If the LED has sufficient optical power, the beam-forming horn may be replaced with a traditional imaging lens or a compound parabolic concentrator bonded directly to the LED with an optical grade epoxy. However, the inventors have found that the use of a beam-forming horn provides the best optical communication link under most conditions.

The beam-forming horn 44 increases the optical power that is transmitted in the direction of the receiver as well as distributes the optical signals evenly over the target area. As described above, the target area is a rectangular section. The size of the target area compensates for variations or misalignments between the aircraft and the passenger loading bridge. If the aircraft is parked such that the corresponding optical receiver 38 is located anywhere in the target area, then communication can take place between the aircraft and ground-based computers.

Disposed at the output end of the beam-forming horn 44 is an infrared window 50a. The infrared window 50a passes light having frequencies in the infrared range and serves to protect the optical transmitter from dirt, rain, etc.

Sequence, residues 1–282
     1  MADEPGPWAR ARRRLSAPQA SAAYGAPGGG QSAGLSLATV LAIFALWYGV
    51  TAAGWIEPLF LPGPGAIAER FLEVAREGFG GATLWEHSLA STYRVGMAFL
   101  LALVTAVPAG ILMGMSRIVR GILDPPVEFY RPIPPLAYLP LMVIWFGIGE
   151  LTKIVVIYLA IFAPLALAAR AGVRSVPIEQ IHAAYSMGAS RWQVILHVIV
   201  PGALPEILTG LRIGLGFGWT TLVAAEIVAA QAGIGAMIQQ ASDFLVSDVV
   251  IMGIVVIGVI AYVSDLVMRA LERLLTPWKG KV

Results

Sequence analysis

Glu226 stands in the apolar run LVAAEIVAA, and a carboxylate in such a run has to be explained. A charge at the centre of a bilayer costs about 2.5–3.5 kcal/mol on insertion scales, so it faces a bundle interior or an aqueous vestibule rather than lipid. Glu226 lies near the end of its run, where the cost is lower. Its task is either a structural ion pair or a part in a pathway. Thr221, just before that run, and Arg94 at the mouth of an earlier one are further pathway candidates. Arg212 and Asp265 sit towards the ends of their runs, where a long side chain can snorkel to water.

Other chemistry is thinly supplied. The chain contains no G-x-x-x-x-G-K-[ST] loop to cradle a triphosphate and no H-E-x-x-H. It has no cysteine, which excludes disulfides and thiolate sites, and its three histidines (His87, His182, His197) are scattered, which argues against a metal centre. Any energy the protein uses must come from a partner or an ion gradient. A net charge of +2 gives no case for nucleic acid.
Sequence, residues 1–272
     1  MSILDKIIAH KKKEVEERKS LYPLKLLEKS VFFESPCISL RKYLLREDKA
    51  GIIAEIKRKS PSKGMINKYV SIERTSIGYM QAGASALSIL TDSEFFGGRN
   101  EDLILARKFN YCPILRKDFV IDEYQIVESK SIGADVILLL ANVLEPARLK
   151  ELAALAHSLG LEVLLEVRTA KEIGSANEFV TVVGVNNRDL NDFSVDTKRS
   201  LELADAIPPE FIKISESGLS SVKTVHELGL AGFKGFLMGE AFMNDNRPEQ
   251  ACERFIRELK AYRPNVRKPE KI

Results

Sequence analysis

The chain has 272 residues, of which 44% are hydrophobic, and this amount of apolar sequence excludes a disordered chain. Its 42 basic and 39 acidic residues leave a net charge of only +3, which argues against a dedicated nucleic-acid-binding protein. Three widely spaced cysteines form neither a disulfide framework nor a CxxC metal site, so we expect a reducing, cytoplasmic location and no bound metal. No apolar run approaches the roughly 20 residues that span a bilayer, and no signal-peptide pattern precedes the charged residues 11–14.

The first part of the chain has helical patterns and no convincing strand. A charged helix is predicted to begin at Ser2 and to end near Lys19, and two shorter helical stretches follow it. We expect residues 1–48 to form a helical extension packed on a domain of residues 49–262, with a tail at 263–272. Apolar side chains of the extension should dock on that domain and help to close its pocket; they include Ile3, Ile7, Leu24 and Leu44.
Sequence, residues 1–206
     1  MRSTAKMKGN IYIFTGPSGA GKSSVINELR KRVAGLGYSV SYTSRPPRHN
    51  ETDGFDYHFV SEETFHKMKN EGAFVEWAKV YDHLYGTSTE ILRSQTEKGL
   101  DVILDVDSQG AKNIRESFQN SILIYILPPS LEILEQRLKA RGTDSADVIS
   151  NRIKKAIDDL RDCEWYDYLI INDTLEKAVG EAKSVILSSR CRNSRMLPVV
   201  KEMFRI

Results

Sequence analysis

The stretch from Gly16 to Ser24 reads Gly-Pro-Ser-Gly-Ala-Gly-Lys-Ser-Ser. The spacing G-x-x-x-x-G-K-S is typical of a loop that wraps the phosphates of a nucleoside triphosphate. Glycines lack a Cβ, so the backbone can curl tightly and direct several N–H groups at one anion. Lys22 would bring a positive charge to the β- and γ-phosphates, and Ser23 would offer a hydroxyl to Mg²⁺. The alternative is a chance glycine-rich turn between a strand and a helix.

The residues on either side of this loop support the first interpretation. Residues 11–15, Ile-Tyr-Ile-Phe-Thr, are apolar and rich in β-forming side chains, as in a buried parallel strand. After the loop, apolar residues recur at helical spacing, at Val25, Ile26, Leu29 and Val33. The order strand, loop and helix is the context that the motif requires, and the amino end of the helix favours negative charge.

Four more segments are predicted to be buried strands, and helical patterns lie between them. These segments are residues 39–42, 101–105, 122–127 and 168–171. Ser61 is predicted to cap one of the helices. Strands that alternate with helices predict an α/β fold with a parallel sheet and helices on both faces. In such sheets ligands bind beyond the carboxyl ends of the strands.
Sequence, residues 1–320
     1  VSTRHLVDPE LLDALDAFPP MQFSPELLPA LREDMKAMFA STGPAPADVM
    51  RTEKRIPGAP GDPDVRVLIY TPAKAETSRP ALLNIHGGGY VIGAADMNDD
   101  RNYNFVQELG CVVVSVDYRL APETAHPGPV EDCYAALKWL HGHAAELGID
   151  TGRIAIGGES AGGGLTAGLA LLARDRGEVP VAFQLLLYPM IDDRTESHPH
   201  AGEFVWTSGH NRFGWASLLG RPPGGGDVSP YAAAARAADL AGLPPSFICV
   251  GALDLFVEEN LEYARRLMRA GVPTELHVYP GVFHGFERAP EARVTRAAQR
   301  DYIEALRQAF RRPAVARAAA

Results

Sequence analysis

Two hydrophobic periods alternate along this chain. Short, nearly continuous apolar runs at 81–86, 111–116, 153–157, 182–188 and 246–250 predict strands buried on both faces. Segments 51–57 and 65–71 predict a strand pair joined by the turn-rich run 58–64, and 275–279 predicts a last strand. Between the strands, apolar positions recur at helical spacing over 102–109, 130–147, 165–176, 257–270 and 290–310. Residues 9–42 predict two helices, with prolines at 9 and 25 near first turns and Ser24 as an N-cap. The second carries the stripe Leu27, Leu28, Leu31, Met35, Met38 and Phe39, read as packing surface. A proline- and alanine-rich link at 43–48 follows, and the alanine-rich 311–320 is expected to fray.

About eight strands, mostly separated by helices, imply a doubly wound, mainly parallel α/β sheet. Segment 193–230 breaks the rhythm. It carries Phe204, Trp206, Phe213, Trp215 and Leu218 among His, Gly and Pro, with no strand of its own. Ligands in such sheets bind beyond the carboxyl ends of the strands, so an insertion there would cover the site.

The optical receiver 38 includes an infrared window 50b that preferably only passes light having frequencies in the infrared range of the optical transmitter 36. Infrared light traveling through the infrared window 50b is collected by a dielectric, compound parabolic concentrator (CPC) 64. The CPC 64 is optically coupled to the light-sensitive surface of a photodiode 66. Preferably, the photodiode 66 is an avalanche photo detector (APD) type that conducts an electrical current that is proportional to the level of light received. However, other types of photo detectors could be used, such as a PIN photodiode. The CPC 64 has superior light-gathering properties as compared to the imaging lens typically used with optical detectors. The CPC has a large far field of view and can receive light from anywhere in the target area with high efficiency. The design parameters of the CPC are chosen to maximize the optical power detected in the target area. This large field of view is also sharply defined such that any light outside the field of view is not directed to the APD diode 66. This property also helps reduce the amount of ambient light received by the diode. Finally, the light-gathering properties of the CPC are nearly uniform across its field of view. Therefore, there are no "dead spots" within the CPC's field of view that would attenuate any optical signal detected. The CPC 64 is preferably made of a dielectric material bonded directly to the light-gathering surface of the APD diode 66 with an optical grade epoxy. The details of how to construct a compound parabolic concentrator are well known to those skilled in the optical arts and therefore will not be discussed further.